KENYA: Daphne Sheldrick’s “Love, Life, and Elephants”

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In an interview by Jim Fleming on Wisconsin Public Radio’s “To the best of our knowledge,” Daphne Sheldrick talks about her book, Love, Life, and Elephants.

She had known Eleanor since she was a two year old orphan and had successfully rehabilitated her back into a wild herd.  Occasionally, she went to visit Eleanor, who would come over, greeting her affectionately.  They would spend a few moments together, and then Eleanor would go back to her herd.  One day Daphne Sheldrick wanted to introduce Eleanor to one of her human friends.  They set off to find her, and thought they had spotted her by a waterhole.  She didn’t look quite the same, but she was standing there quite unafraid, so it had to be Eleanor.  When called, she came over.  Daphne Sheldrick stood next to her and put her hand up to touch her behind the ear, as she always did with Eleanor.

It was then that she realized her mistake.  The elephant was startled and lashed out, using the same amount of force she would have used with another elephant, sending Daphne Sheldrick sprawling on the ground.  A moment later she felt the elephant trying to pick her up with her tusks.  With her knowledge of elephants, she knew the elephant would already have killed her if that was her intention.  Instead, she was trying to help her.  Daphne Sheldrick had a broken leg.  The elephant gently touched her with her trunk, trying to help, but seeing that there was nothing she could do, after a few minutes, she turned and walked away.

Daphne Sheldrick discovered later that this elephant, who she called Kathryn, was Eleanor’s best friend, and apparently the two must have had a talk with each other about Daphne Sheldrick, because Kathryn, a wild elephant, had immediately trusted her and even came when called. Kathryn only lashed out when she was unexpectedly startled, and then she was sorry, not having intended to cause any harm.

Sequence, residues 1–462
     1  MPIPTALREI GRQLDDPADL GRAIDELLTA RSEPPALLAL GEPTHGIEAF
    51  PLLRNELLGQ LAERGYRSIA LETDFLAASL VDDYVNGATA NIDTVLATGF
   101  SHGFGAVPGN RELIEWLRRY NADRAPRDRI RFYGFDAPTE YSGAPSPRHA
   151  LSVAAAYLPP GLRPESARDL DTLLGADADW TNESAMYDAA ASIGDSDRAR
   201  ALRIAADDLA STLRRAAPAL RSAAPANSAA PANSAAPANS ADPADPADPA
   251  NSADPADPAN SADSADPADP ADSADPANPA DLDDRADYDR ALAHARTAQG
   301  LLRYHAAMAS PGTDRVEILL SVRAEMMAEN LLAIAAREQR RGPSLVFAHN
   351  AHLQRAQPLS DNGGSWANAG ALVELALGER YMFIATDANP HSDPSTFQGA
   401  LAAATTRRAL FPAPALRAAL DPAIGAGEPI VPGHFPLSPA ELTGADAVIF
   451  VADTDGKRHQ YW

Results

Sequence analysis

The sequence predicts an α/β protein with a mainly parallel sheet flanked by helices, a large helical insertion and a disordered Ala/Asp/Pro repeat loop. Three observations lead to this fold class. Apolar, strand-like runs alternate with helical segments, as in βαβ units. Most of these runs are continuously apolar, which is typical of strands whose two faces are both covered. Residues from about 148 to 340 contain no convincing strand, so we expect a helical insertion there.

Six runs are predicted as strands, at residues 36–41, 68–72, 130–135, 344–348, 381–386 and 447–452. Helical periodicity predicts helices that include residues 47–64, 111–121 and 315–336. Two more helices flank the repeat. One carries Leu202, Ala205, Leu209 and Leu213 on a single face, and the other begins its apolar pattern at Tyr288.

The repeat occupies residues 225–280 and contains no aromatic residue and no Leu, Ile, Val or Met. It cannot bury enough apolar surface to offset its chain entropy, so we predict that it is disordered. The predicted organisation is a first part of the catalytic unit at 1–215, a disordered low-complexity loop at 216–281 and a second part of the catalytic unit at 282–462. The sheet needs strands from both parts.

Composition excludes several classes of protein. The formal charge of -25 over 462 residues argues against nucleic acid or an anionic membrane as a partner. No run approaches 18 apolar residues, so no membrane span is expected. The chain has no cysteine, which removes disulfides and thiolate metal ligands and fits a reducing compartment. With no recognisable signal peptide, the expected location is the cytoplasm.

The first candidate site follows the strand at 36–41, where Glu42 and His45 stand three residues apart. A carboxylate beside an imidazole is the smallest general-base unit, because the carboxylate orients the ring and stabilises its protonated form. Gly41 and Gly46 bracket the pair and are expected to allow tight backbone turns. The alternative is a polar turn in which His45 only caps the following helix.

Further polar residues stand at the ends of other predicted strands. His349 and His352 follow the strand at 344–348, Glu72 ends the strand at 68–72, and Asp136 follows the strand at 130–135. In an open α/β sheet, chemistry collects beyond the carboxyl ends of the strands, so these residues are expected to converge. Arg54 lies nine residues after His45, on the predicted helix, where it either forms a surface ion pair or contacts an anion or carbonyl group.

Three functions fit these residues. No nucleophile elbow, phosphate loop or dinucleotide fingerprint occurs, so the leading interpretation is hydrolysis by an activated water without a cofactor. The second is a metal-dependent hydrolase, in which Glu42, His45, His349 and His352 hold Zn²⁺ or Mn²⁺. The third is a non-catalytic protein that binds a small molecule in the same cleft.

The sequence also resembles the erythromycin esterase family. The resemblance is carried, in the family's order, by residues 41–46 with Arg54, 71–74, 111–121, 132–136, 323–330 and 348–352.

Daphne Sheldrick’s book, Love, Life, and Elephants recounts stories of a lifetime of profound experiences with elephants and other wild animals.  Of the elephants, she says they are very similar emotionally to humans.  She is convinced that they communicate telepathically, citing the story of Eleanor and Kathryn, but says that they are “very much nicer than humans.”

David Sheldrick, when he was alive was the founder warden of Tsavo National Park, which is the size of Michigan and which holds the largest population of wild elephants in Kenya.  Daphne Sheldrick worked in the park with her husband, and together they began to care for and rehabilitate orphaned wildlife.  After David Sheldrick’s death in 1977, she continued this work and founded The David Sheldrick Wildlife Trust, in memory of her husband.  Courtesy of the Kenyan government, she has lived and worked in the Nairobi National Park since that time, caring for wildlife, with a dedicated staff, at the Orphan’s Nursery.

To hear this Wisconsin Public Radio interview with Daphne Shelton online, click here.

 

To visit the website of the David Sheldrick Wildlife Trust, click here.

 

Photo:  Sharon St Joan / wild elephants at Samburu National Park in Kenya

The music of Dhevdhas Nair, in his own words, part four

 

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By Elizabeth Doyle

 

Dhevdhas Nair is a musician you really have to hear to believe. (You can sample or buy an album here:  https://www.dhevdhasnair.com/audio 

 

This is Part Four of a four-part interview.

 

To start at the beginning with Part One, click here

 

Me: I know that there’s an interesting inspiration behind your album, “Inbetween and passing” related to a small community in South America. I read the album cover, so I’ve cheated. But for everyone else, can you tell us about that and how the tracks on the album relate to it?

 

He: The track “Gaviotas” on my album was written as a celebration of and in dedication to the people of the town of the same name in Colombia who have shown the world that it is possible to take a region and a people who have been ravaged by the violence and barbarism of the modern world, and turn them round to face the possibility of a humane, sustainable future, meeting the needs that all people everywhere have always had; bread, freedom, dignity, and social justice. They have planted millions of trees, farm organically and use wind and solar power. Every family enjoys free housing, community meals and schooling. There are no weapons, no police, no jail. There is no mayor. The United Nations named the village a model of sustainable development. All this in an area that had all but been destroyed by logging and mining, and where many of the inhabitants had come from drug and violent gang-related conflict situations. I learnt about the place through a friend of mine, the writer Terri Windling, who lives in my village on Dartmoor. She had a visitor from the U.S. one day, Alan Weisman, who had written a book about Gaviotas, and as he described what they had done, I knew that it was important to celebrate their achievements and pass the word on that another world is possible.

 

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Me: Now, these questions are a little more dull in some ways, but I think that everyone likes to know a little basic biographical information about artists they appreciate. So can you tell us a little bit about your background and how you got started playing music?